Teeth are no different; hair color (and make-up) can accentuate the white (or yellow) of a person's teeth. Don't believe me? Look at yourself in the mirror and smile big. Now cover your face in Noxema or some super-white facial mask and repeat the process. See how yellow your teeth look by comparison? Put on a mud mask and smile for the mirror and you'll see a vast whitening of your teeth occur.
You didn't "do" anything to your teeth, you just changed the surrounding colors. In much the same way that the "cerise" couch my wife insisted on putting in the bonus room would "play off" the brown accent wall. Ultimately, things never end up looking the way they do in the magazines. Those pearly whites your favorite movie star is sporting could be an illusion in much the same way. They could also be photoshopped or airbrushed to suit the publicity shot.
As providers, dentists are generally people pleasers; we want our patients to be happy (and then go tell all of their friends and family about how amazing we are). So when a patient comes in saying they want a smile that you couldn't pick out of a snowstorm, the dilemma is whether to give the customer what they want, even though it may not produce the most attractive results, or to explain the bit about the cerise couch and the brown accent wall.
The bottom line is: Professional bleaching can lift the shade of the natural tooth, however, for those intent on a movie star finish, the process of bonding (essentially fusing a high-density plastic onto the enamel) would be necessary to achieve that.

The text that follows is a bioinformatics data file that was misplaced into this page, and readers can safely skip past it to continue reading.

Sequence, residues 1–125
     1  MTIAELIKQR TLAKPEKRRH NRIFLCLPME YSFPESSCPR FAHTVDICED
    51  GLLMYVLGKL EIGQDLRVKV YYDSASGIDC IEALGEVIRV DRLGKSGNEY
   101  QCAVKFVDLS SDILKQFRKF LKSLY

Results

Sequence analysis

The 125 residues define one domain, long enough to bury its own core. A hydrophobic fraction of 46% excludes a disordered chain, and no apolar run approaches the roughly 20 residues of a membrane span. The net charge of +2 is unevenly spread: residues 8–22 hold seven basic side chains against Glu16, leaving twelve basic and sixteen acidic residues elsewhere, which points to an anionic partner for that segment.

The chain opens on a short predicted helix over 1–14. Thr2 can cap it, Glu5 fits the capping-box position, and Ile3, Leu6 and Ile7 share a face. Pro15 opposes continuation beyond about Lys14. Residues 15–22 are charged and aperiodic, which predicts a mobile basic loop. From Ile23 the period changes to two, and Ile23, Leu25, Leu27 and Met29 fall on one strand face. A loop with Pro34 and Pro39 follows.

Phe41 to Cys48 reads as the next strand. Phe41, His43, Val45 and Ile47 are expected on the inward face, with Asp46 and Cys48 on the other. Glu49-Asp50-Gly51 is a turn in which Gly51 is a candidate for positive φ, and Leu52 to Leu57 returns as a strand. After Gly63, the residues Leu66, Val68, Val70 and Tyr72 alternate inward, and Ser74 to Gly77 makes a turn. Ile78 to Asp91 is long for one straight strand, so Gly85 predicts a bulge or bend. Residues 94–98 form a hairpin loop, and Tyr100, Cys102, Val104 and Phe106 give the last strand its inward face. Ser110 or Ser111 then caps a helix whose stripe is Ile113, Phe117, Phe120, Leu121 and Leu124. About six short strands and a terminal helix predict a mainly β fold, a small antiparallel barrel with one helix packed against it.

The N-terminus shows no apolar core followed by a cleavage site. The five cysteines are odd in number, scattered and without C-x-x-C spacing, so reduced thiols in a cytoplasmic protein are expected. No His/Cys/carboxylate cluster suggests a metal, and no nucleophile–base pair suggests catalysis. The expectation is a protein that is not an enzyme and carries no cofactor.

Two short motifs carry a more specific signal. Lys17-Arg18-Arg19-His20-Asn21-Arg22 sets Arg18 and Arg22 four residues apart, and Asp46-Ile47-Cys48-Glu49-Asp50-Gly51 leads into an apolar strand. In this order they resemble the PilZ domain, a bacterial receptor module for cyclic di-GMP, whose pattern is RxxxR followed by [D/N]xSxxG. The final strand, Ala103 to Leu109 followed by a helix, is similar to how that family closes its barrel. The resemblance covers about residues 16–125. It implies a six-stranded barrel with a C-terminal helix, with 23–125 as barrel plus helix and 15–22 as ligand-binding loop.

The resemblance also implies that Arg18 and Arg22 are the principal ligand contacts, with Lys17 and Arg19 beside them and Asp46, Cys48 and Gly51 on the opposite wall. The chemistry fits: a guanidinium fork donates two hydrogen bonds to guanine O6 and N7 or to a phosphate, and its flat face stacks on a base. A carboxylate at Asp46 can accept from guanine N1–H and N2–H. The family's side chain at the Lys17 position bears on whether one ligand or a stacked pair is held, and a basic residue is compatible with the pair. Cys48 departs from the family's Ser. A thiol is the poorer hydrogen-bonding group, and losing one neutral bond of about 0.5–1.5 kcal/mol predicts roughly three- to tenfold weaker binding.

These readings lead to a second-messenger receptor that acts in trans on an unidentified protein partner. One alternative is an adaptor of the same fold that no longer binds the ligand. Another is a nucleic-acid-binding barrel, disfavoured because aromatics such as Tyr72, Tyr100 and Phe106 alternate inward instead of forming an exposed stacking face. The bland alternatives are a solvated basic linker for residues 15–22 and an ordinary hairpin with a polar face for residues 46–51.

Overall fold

Picking A Color That Will Look Good
If you're wanting a natural improvement, it's good to go in understanding how to pick a color that will look good. There are 16 shades that are part of the international lexicon of dentistry; A, B, C, D with a sub category of 1 through 4.
As a rule of thumb, I try and keep tooth color within the same shade range as the whites of the eyes. Any whiter than that and you'll draw everyone's eyes to the mouth like a spotlight. The goal should be to make your smile 'invisible,' harmonious with the rest of your face, so that others aren't shocked by the color, but impressed by the smile and the overall face. My wife tells me it's a lot like blue eye shadow - do you want to draw attention to the eyes, or just look like a throwback from the 80's?
Earlier I mentioned chair side bleaching. If you're unfamiliar with that term, it simply refers to any tooth whitening procedure that is only available via a dentist office. You can learn more about our whitening process here.
Just don't expect me to leave you with a "Ross Gellar" stellar glow. Teeth should look natural and not detract away from your smile and your personality by being overly yellow -- or overly white. Leave the glistening bright white for the toilet bowl!